samsung galaxy note 7 aa autom3otices ryan vergara (1 of 23)

Samsung’s move to recall nearly one million units of the Galaxy Note 7 sold in the US may have come late for a Florida man who suffered a second-degree burn after the device allegedly exploded in his pocket.

Jonathan Strobel has sued Samsung Electronics for the incident, the latest in a series of reported cases of overheating Galaxy Note 7’s, including more than 90 in the United States alone. The lawsuit marks the first legal battle that the South Korean phone maker has to face over its defective Galaxy Note 7 battery. Surely, Samsung is anticipating more legal roadblocks in the next weeks, including potentially one or more class action suits.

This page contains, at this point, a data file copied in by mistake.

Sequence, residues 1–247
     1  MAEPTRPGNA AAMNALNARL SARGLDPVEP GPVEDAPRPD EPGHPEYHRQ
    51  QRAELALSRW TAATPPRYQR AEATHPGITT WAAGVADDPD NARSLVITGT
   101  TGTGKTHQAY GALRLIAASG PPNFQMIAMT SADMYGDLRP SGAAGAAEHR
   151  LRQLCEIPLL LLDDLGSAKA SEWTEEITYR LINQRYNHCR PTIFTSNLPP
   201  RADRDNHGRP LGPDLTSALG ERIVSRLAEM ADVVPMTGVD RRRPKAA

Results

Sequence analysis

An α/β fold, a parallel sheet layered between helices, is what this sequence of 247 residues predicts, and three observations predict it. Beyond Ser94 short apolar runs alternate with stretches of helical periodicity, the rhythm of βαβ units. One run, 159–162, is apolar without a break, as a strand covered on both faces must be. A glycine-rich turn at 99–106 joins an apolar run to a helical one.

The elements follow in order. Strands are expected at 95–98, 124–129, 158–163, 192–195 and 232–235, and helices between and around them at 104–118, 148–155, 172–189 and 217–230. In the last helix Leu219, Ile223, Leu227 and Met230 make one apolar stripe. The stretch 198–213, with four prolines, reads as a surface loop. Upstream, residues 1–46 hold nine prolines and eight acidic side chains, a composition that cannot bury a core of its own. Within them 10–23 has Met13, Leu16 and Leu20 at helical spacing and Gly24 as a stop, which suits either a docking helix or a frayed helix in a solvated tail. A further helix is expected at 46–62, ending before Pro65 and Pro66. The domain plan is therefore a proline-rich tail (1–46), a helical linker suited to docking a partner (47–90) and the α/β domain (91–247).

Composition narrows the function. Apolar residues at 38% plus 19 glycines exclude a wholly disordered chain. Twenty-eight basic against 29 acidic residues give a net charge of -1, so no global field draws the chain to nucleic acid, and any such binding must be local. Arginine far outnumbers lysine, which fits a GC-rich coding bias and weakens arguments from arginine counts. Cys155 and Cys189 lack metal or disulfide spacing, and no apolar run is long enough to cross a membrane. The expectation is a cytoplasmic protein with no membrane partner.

In addition to the burns on his right thigh, Strobel also had his left thumb burnt upon trying to remove the device from his front pants pocket. Strobel said the incident occurred on September 9, a week before Samsung and the U.S. Consumer Product Safety Commission officially recalled the Galaxy Note 7 units whose batteries were believed to be defective.

As usual, Samsung decided not to comment on the pending case, but advised Note 7 users to shut down their devices and return them to the seller. Note 7 owners who had their handsets recalled can also visit the company’s website for instructions on how to swap their device.

Samsung said it would start shipping replacement units from September 21 in the United States, but the problem is less than 15% off Note 7 units sold in the US have been returned so far.